Home USA News NYU’s 10th China Biennale envisions a promising future for independent Chinese cinema

NYU’s 10th China Biennale envisions a promising future for independent Chinese cinema


The Tisch Film Department, the Asian Film & Media Initiative, and the Center for Religion and Media jointly presented the first Reel China Festival since the start of the pandemic.

However: Flowers of the Future, a film directed by Professor Zhou Hao, was screened at the 10th China Biennial at New York University. (Image by Zhou Hao via NYU Tisch)

Held from October 28-30, 10th Reel NYU China Biennial was the first post-pandemic iteration of the festival and celebrated a two-decade mission to showcase some of the finest contemporary independent Chinese-language films made in mainland China and beyond.

Since its inception in 2001, Reel China has always stood out as a rare place where an international audience can glimpse into the world of a contemporary filmmaker in the People’s Republic of China. Twenty-one years later, this latest edition of the program reflects the seismic cultural, political and artistic changes taking place in China. The festival itself has changed in terms of the range of films and filmmakers it chooses to participate in.

This edition of Reel China continues to exhibit portraits of everyday life in mainland China, shedding light on various social groups that are often overlooked. One such example is Li Wei’s award-winning documentary Silence in the Dust, which poignantly depicts working-class life in rural China. The film follows Dachzhan, a terminally ill father who spends his last days bedridden at home due to pneumoconiosis, commonly called black lung disease, while working in a quartz factory. As his health continues to deteriorate, the film also cuts to Dachzhan’s children, carefree and oblivious to their father’s pain.

In the Q&A, Lee said one of his goals was to raise awareness of the 6 million working families suffer from pneumoconiosis. The film portrays this phenomenon not only as a health crisis, but also as a reference to the endemic suffering of the working class in China. Despite living in a socialist state, unchecked capitalist practices have ruined the lives of countless working class people. Volunteers and charities support victims instead of the central government, which provides little help. Movies like Silence in the Dust make good use of the medium to portray the reality of everyday people and advocate for social issues that are ignored by the mainstream media.

Tisch film professor Zhang Zhen, a co-organizer and programmer of the event, emphasized that Reel China was “not easy to organize with COVID still going on” and “the pandemic shaped the way we put together the program.”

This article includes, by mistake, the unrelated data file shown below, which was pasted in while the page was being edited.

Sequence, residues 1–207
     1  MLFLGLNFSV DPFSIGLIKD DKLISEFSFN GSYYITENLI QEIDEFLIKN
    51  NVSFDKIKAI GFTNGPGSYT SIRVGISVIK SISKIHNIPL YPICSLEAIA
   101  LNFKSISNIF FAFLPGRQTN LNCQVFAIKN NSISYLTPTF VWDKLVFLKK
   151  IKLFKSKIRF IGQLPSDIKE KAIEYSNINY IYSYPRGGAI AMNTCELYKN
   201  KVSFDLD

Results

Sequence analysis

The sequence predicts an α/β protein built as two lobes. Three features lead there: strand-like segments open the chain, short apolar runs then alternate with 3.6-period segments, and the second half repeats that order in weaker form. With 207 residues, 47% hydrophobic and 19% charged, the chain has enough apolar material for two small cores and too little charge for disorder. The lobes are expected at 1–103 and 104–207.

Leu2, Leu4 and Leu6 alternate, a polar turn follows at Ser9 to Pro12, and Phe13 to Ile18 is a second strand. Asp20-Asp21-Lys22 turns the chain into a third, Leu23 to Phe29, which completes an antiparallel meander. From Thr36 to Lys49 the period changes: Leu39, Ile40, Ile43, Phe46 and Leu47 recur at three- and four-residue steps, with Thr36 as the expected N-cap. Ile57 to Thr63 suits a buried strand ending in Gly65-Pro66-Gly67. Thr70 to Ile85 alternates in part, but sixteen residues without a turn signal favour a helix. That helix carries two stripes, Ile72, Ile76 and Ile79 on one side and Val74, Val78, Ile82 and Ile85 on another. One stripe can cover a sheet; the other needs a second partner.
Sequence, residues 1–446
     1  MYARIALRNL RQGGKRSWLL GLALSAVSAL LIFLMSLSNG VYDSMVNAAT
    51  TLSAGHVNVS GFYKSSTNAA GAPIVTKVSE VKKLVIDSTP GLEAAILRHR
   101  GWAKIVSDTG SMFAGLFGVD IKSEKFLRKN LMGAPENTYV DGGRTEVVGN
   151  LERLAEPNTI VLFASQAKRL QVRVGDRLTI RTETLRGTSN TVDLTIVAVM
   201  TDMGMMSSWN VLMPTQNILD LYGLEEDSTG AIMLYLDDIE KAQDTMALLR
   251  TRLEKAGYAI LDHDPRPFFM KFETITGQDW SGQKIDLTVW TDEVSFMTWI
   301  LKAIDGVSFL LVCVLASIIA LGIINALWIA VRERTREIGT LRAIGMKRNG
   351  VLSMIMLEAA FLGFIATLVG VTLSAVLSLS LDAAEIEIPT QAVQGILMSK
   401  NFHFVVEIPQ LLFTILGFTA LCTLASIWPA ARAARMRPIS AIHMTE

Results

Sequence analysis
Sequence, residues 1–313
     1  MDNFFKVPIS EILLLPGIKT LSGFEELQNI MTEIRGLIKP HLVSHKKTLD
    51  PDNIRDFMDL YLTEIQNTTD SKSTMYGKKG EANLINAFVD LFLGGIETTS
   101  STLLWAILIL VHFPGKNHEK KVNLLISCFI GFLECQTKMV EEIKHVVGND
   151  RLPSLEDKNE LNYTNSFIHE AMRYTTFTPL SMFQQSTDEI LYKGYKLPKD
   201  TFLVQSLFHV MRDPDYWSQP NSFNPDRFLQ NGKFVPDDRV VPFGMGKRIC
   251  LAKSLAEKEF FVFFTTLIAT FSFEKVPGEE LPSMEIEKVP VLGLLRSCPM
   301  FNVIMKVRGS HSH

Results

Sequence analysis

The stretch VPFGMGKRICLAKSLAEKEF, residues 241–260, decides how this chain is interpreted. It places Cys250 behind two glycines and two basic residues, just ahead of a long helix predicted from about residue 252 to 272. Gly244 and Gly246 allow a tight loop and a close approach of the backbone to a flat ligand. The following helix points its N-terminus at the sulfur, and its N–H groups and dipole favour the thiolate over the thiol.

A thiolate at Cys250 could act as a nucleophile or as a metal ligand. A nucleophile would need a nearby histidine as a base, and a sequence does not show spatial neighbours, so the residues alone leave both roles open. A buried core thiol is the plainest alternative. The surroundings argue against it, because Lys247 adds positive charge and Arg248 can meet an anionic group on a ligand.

Due to the continued health risks, travel restrictions and red tape in China, it would be difficult for many mainland filmmakers to attend the event. However, this year’s list was very diverse, including Sinophone creators who lived outside of China, such as Florida-based queer filmmaker Cui Jien and New York-based Zhao Dayong.

This year also saw a new partnership with a streaming website Cathay Play, a platform that promotes independent Sinophone cinema. The streaming site featured three short films made by ethnic minorities in Xinjiang and Tibet, a truly significant event in the predominantly Han Chinese cinema. According to Zhang, one of her goals in developing the films for this year’s Reel China exhibition was to put “a spotlight on previously underrepresented filmmakers.” The Reel China program covers the multifaceted diversity of sexual, ethnic and class differences in contemporary China.

Having stood the test of time for more than two decades, Reel China is an important milestone for Chinese independent filmmaking in the 21st century. However, the festival also allowed participants to pause and reflect on China’s journey into the new millennium. Since the beginning of the festival, the international community has witnessed fundamental changes in Chinese culture and society. In the early 2000s, Chinese society was marked by prosperity and growing openness, but now, as political tensions rise in the post-pandemic era, Zhang notes that the country has gone through many openings and closures.

In a time of increased government censorship and sleazy political fervor, preserving independent and dissenting voices in the arts has never been more important. These changes have made organizers like Zhang want to refocus the festival’s goals. She wanted to continue to “support independent cinema in China, but also integrate it into the wider Chinese-speaking landscape”. She even suggested that Reel China may need to change its name to better match the number of “independent Chinese-language films distributed globally” if more filmmakers from the Chinese diaspora participate in future festivals.

After the festival ended, Reel China was able to bring together students, teachers and filmmakers. Although the world has changed significantly since the festival first launched, the platform continues to cultivate emerging independent filmmakers and showcase their work to an international audience. Zhang said the opportunity to revive the festival after the COVID-19 outbreak “felt like a homecoming and a reunion for the community.”

Contact Mick Gow at [email protected]

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